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How the Owl Tracks Its Prey

Konishi, Masakazu (2012) How the Owl Tracks Its Prey. American Scientist, 100 (6). pp. 494-503. ISSN 0003-0996. doi:10.1511/2012.99.494.

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The structure of owls' ears enable them to rapidly spatially locate the origin of sounds that are literally as quiet as a mouse. Author Masakazu Konishi describes clever and elegant experimentation to discover owls' binaural hearing, while including beautiful infrared photography of owl flight. This Classic article was first published in the July–August 1973 issue, and is reprinted as part of American Scientist’s centennial year celebration. The author is widely recognized for his neuroethological research on prey capture auditory systems in owls and singing in songbirds.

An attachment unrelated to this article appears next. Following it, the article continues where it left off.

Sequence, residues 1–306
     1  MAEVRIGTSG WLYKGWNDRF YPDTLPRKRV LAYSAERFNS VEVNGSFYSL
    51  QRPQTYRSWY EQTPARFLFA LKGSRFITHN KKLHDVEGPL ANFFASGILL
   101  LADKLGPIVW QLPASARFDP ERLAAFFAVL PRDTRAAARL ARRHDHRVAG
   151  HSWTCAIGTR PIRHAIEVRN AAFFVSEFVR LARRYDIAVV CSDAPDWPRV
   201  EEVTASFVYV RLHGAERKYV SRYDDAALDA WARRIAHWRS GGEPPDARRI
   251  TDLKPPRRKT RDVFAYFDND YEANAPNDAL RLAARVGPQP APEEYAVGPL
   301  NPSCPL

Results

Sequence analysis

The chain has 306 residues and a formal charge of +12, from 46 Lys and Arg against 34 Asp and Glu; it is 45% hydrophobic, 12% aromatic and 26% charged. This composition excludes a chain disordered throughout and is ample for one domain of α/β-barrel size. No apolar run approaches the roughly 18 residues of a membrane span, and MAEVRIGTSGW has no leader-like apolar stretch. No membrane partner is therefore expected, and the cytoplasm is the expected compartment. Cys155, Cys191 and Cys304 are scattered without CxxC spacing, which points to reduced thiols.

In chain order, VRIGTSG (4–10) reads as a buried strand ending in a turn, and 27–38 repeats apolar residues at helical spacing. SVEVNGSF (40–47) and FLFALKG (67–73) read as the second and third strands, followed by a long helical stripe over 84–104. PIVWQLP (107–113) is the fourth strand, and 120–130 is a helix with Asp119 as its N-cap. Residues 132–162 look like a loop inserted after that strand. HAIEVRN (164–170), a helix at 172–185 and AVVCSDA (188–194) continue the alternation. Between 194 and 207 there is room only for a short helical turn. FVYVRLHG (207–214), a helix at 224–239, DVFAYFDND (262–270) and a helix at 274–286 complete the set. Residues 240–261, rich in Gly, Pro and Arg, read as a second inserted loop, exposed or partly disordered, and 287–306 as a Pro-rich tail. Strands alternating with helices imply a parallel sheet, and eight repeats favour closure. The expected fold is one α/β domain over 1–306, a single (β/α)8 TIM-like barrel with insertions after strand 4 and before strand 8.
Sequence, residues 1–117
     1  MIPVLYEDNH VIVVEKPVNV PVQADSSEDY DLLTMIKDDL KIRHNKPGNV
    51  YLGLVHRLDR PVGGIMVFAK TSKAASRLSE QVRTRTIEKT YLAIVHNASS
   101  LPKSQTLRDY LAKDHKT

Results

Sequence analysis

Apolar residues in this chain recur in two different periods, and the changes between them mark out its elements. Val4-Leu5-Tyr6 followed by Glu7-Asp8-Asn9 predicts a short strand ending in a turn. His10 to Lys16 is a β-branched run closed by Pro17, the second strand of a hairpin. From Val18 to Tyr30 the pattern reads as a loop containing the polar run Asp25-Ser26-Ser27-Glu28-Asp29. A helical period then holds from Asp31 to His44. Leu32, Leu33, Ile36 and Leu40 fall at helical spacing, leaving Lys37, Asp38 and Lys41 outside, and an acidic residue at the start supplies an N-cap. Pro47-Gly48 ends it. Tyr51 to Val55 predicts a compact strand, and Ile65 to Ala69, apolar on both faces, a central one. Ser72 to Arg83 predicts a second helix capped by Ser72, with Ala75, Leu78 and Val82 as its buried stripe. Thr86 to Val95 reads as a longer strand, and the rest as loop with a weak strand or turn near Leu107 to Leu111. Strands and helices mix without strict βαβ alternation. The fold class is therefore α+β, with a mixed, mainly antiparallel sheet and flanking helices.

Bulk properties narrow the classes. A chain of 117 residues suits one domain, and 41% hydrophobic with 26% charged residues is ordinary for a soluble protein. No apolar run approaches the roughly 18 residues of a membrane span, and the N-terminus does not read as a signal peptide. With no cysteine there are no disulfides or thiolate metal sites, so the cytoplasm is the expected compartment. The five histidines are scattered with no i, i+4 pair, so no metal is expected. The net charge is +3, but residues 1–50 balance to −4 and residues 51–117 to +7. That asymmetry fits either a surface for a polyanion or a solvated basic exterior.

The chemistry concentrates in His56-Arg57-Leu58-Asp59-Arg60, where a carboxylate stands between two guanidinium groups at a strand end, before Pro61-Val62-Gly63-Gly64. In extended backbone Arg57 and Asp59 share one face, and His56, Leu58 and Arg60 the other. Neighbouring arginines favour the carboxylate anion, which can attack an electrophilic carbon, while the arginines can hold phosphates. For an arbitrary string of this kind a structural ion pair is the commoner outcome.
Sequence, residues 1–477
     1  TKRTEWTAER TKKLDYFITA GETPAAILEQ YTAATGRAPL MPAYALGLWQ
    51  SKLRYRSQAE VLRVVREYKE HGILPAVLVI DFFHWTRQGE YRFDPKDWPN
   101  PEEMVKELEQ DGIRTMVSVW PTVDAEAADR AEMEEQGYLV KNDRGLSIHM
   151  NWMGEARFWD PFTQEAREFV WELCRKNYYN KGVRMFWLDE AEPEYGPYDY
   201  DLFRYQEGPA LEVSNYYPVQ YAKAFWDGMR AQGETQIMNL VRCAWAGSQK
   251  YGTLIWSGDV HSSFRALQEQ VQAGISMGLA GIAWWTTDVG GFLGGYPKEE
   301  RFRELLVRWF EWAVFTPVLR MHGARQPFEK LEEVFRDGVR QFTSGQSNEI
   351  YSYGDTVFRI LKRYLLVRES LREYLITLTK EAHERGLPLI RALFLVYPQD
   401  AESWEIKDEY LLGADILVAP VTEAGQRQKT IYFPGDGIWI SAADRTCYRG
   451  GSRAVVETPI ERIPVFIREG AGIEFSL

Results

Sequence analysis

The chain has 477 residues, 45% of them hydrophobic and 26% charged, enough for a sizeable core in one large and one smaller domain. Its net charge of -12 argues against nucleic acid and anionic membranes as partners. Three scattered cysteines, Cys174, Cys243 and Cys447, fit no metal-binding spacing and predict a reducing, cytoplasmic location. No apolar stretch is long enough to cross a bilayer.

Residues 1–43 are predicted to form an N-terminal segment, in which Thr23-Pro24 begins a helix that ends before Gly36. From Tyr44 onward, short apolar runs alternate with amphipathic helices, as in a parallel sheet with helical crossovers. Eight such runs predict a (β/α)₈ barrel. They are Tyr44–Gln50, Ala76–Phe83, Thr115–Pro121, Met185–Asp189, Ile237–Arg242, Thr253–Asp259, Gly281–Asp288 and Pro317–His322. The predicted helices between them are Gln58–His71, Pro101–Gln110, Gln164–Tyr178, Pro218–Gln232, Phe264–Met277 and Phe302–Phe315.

Item Type:Article
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Alternate Title:How the Owl Tracks Its Prey - Experiments with trained barn owls reveal how their acute sense of hearing enables them to catch prey in the dark
Additional Information:© 2012 Sigma Xi, The Scientific Research Society.
Issue or Number:6
Record Number:CaltechAUTHORS:20121115-154052623
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Usage Policy:No commercial reproduction, distribution, display or performance rights in this work are provided.
ID Code:35497
Deposited By: Tony Diaz
Deposited On:20 Nov 2012 17:51
Last Modified:09 Nov 2021 23:15

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